Their tumultuous history has its origins in the radical wing of English Puritans of the 1640s. Their founder was George Fox (1624 -1691), a weaver's son who apprenticed as a shoemaker. From boyhood he heard Puritan preaching and became familiar with the English Bible. At the age of nineteen, shocked by the contrast between the profession and practice of nominal Christians, he left home and began his spiritual quest. By temperament he was a mystic, who longed for direct and unhindered approach to God. In the 1650s he preached the message of the New Age of the Spirit, after having failed to find spiritual peace in the churches of his time. He wrote, "And when all my hopes in them and in all men were gone, so that I had nothing to outwardly help me, nor could tell them what to do, then, oh then, I heard a voice which said, 'There is one, even Jesus Christ, that can speak to thy condition.'" That was for Fox the Inner Voice, or Inner Light, based on the description of John 1:9: "The true Light, which lighteth every man that cometh into the world." This voice, according to Fox, is available to all. It has nothing to do with ceremonies, rituals, or creed. The "Inner Light" was as important as Scripture; sacraments, ceremonies, and clergy were abandoned. From this emphasis on "Inner Light" and the guidance of the Spirit emerged the typical Quaker meeting wherein people waited in silence for the Spirit to speak in and through them. Fox committed himself to follow and others to follow the Inner Light. As someone wrote, "To Friends, every person is a walking church, every heart is God's altar and shrine." Fox renounced oath taking, insisted on total honesty and truth-speaking, practiced simplicity in dress, food, and speech. He was opposed to participation in war, protested against all formalism and sham in worship, permitted women to preach, refused to remove his hat to those in authority, denounced special class privileges, and used the singular "thee and thou" in his speech, while the common people were supposed to address their betters as "you." He was fearless, often imprisoned for preaching his conviction, pioneered care for the poor, the aged, and the insane. He advocated prison reform, opposed capital punishment, war, and slavery.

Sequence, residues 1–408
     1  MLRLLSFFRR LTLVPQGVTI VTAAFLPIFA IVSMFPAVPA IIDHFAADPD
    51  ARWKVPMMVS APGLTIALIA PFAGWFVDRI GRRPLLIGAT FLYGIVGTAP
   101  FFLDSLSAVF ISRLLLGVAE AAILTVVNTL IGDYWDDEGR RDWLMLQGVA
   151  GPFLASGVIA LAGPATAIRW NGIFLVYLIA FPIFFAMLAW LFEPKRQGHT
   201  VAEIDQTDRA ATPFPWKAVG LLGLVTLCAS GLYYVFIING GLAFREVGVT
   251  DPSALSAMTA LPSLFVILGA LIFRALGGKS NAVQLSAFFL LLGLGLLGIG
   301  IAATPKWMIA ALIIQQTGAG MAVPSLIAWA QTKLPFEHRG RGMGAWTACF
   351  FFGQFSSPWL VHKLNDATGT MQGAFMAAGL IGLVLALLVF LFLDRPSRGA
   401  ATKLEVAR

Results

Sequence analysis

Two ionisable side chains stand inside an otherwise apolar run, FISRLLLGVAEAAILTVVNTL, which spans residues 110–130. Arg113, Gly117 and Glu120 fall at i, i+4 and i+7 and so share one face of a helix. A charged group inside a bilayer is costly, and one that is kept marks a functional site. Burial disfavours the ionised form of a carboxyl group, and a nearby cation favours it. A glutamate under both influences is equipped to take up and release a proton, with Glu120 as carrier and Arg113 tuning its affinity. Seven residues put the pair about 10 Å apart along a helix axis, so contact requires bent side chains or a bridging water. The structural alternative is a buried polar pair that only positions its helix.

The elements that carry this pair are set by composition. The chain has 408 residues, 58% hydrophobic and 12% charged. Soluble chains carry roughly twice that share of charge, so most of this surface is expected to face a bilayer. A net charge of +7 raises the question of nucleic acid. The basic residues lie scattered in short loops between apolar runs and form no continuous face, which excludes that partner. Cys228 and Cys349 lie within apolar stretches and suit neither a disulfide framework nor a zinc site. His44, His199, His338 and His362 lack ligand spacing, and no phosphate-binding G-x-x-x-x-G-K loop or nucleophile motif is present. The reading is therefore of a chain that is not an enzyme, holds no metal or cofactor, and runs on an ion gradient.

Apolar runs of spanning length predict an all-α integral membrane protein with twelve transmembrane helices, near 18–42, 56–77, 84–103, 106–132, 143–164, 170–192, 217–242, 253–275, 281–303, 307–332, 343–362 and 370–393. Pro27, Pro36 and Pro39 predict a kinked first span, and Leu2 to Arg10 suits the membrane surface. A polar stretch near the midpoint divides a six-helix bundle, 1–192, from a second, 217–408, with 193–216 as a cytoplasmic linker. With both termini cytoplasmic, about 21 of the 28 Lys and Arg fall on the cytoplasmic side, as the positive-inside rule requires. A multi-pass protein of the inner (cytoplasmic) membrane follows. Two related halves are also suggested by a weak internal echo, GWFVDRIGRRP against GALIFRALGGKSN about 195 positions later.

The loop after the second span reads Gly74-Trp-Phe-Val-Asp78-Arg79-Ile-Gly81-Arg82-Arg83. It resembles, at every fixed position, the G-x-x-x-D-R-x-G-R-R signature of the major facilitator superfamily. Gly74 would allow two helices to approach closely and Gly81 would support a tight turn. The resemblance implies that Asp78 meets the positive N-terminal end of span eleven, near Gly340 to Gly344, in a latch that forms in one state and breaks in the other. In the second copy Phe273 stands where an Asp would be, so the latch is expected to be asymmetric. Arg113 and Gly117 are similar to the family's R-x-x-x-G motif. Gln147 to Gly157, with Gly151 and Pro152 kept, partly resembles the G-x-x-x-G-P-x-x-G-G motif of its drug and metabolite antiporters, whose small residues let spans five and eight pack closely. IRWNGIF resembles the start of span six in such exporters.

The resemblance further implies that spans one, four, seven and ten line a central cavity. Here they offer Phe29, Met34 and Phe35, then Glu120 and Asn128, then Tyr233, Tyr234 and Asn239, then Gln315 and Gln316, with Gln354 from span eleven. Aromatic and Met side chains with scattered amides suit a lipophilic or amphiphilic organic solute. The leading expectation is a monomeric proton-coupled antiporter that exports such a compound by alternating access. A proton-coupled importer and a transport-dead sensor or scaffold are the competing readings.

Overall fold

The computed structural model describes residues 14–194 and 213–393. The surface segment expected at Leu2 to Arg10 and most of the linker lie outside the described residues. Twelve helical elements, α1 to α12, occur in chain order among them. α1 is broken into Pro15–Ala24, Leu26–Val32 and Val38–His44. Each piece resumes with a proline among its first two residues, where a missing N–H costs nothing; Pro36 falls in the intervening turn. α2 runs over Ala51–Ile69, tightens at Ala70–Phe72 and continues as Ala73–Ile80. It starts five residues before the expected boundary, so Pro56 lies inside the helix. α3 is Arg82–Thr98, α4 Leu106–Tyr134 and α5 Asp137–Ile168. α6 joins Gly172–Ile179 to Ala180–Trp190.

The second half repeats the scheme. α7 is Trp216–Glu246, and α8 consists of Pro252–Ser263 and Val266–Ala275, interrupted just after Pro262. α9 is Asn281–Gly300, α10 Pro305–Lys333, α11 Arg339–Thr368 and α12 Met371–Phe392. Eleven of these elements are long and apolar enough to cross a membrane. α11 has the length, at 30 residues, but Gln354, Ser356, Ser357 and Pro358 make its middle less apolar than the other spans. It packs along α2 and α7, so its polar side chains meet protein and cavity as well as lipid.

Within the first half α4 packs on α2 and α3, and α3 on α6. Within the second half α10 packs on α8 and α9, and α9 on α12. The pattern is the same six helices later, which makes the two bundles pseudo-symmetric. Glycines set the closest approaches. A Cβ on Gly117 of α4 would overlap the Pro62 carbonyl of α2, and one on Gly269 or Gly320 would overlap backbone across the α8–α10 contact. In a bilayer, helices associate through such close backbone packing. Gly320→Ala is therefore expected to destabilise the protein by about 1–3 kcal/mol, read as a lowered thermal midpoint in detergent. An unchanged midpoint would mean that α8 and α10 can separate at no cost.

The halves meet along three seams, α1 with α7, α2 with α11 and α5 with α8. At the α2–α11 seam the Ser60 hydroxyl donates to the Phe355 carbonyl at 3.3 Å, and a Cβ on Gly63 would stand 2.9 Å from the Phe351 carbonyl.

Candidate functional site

The name Quaker was an early derisive nickname, associated with the trembling of the "Friends" at their meetings. Fox described its origin as follows: "The priest scoffed at us and called us Quakers. But the Lord's power was over them, and the word of life was declared with such authority and dread to them, that the priest began trembling himself; and one of the people said, 'Look how the priest trembles and shakes, he is turned a Quaker also.'" According to Fox, the first person to use the term was Justice Bennet of Derby. But that title is no longer derisive, and Friends use it also of themselves.

The traditional date for the origin of the Society of Friends is 1652, when Fox brought "convincement" to a group of seekers in the household of Judge Fell and his wife Margaret of Swarthmore Hall in Lancashire. A large number of seekers became his followers. Societies of Friends were founded in many places and hundreds of missionaries became "publishers of Truth." From 1630 until 1689, more than 3000 Quakers suffered for conscience' sake, and 300 to 400 died in prison. But their persecution and martyrdom led to growth. When Fox died, the Quakers numbered 50,000.

Johan D.Tangelder
June 2002